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FCC begins research into 5G future in the US

Tom Wheeler wants to begin investigating frequencies for possible 5G use.
October 1, 2014

We have previously written about how certain groups and companies are supposedly gearing up for 5G technology. Some companies are actually stating that they are offering 5G speeds now, some are calling any definition of 5G “absurd” and others are promising 5G technology by 2020.

Now, GigaOM is alerting us to a blog post that FCC Chairman Tom Wheeler wrote in which he asks fellow commissioners to begin investigating frequencies in the 24 GHz and higher bands for possible 5G use.

Specifically, Wheeler is referencing millimeter waves, which 5G researches believe is the final access link between a tower and device and could therefore unlock wireless speeds in the 1Gbps range. Today, millimeter waves are generally used for wireless backhaul.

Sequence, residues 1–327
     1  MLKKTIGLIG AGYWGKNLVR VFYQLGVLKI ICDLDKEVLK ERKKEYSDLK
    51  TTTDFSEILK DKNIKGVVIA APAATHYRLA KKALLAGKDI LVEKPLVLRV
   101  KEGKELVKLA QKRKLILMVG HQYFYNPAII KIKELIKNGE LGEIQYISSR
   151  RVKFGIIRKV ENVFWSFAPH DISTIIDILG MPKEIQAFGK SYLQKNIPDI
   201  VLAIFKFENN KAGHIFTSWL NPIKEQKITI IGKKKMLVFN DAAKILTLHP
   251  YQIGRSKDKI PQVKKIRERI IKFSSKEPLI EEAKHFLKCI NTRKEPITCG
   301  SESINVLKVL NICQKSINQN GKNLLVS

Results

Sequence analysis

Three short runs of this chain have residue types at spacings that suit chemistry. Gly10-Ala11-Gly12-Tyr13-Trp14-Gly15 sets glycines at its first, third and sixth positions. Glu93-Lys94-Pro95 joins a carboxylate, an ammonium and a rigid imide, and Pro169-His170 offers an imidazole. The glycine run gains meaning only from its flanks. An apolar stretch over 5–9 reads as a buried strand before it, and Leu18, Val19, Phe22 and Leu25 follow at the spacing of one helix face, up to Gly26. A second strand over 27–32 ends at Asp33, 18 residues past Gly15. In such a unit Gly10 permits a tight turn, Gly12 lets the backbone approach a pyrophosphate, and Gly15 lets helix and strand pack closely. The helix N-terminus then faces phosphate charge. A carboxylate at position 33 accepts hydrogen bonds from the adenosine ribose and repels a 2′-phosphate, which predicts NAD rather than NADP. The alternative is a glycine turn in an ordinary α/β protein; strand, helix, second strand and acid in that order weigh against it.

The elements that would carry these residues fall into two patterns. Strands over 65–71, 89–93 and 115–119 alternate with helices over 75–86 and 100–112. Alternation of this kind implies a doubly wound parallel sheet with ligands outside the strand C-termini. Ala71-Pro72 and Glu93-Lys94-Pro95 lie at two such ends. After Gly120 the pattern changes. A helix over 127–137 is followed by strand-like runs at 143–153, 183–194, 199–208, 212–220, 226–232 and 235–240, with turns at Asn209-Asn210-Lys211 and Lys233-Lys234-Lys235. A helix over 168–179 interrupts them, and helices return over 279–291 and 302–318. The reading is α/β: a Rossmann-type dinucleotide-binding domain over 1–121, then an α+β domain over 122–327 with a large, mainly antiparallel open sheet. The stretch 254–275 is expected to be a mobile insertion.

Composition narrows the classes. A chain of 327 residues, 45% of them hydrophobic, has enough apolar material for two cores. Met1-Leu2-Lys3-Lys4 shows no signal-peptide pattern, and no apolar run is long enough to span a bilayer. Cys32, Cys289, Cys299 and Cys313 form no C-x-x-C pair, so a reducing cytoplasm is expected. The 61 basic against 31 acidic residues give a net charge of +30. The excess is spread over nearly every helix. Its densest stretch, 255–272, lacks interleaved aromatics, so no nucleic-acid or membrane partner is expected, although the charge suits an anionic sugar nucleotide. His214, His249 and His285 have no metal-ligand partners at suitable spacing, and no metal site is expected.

There’s a lot of spectrum up there for the taking, but the problem is range. At the lower power levels needed for mobile communications, those waves just don’t propagate that far…….The idea is to use massive antenna arrays and beam shaping techniques to send a boatload of parallel low-power signals to a receiver. Those low-power signals would reinforce one another, greatly increasing the distance they could travel while preserving their data fidelity. – GigaOM

In fact, wireless carriers in the US are using some of this technology today:

  • T-Mobile US has put up four-antenna systems on its LTE towers,
  • Sprint is installing eight-antenna rigs in its new Spark network.
  • Nokia and Samsung and others are putting on many more multiples of antennas as they move up frequency charts.

In the blog post, Wheeler wrote that the inquiry is simply aimed at broadening the FCC’s “understanding of the state of the art in technological developments that will enable the use of millimeter wave spectrum above 24 GHz for mobile wireless services.”